Here in California, the new UC-Irvine law school opened in 2009 with Erwin Chemerinsky (a huge name in Constitutional law) as dean, a $20 million gift from a local tycoon, and the full backing of the highly regarded UC system. Even so, they operated as unaccredited for the first year and then acheived provisional status. I believe they are still in the process of obtaining full approval. That's an example of the best case scenario.
Lincoln Memorial University in Tennessee, OTOH, opened a new law school and failed to obtain provisional approval recently. There is a good NY Times article on the topic which I'd encourage you to read. It explains how a school can fail to obtain accreditation. Look closely at the resources of the parent institution.
Thus, it is likely that in the best case scenario you would graduate from a provisionally accredited school. The ABA says that graduates of provisionally accredited schools should be accorded all the rights of graduates of fully approved schools. I have heard of some states giving applicants a hard time about provisional status, however. Make sure to check with the state bar in the state in which you intend to practice, and get a clear answer as to their policy regarding provisionally accredited law schools. Also be sure to check out the ABA's rules, and ask the new school specific questions about their plans to acheive accreditation.
« on: May 07, 2013, 01:28:18 PM »
Let me again ask "CA Law Dean" to present employment statistics for his/ her schools recent graduating classes 2010, 2011 & 2013 similar to what the ABA requires its members to present.
Please also provide bar pass stats for your school and the bar pass stats for other CAB schools.
Monterrey's first time pass rate for July 2012 was 66%. That's better than several CA ABA schools, and significantly
better than most out of state ABA schools. Check out Calbar's site for details.
I don't think CBE schools are required to report post-grad employment details like their ABA counterparts, so that info may not be readily available. You could have discovered this yourself in about 30 seconds.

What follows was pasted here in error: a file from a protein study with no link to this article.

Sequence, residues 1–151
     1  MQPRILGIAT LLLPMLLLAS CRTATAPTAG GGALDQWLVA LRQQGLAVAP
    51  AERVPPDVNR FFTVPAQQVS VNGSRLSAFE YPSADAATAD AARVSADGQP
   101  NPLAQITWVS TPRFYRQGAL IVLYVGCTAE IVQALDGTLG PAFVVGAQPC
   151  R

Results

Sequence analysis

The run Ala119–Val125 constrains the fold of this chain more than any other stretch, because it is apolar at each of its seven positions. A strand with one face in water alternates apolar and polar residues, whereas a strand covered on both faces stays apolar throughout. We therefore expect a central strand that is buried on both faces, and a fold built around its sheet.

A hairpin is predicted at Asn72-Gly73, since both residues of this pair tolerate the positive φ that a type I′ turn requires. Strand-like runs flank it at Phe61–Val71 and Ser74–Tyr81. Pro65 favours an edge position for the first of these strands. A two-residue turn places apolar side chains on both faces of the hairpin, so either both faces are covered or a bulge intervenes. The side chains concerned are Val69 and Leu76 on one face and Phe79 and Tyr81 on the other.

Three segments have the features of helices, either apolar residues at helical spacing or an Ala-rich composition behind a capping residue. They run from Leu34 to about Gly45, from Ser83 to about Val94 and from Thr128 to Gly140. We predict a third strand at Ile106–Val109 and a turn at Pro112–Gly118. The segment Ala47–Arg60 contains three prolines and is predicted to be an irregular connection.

"Are CBE schools a joke?" is the wrong question. It's subjective and vague, and can't really be answered. The question to ask is "Are CBE schools adequately fulfilling their intended function?" The answer to that question is that some are, and some are not.
CBE schools are not attempting to compete with the ABA schools. As Duncanjp noted, the typical CBE student is a working adult and has no intention of seeking a Biglaw position. The CBE schools do, however, provide a large number of California's prosecutors, public defenders, small Main Street firms, and solo practitioners.
I think it's difficult for attorneys from outside of California to understand the system, because most states have no equivalent. Law students, both inside and outside of California, seem equally confused. I graduated from an ABA school, and the entire focus was on grades, law review, and absurd ranking schemes. Everyone was gunning for those coveted few Biglaw or Federal positions, and most of my classmates openly disdained the notion of working in small firms or at the public defender's office.
From what I can gather, that's simply not the focus at CBE schools. Most CBE students I've met are very realistic about their options, and understand the limitations of the degree. However, visit any public agency or small firm in CA and you're bound to meet successful CBE grads. My county counsel's office is something like 50% CBE grads, and they're doing just fine.
Also, like ABA schools, some CBEs have better reputations than others. Some of them are geographically isolated, and are therefore able to attract more qualified applicants who would otherwise attend an ABA school. Those particular CBE schools produce a large percentage of the local bar and bench, and have good local reputations.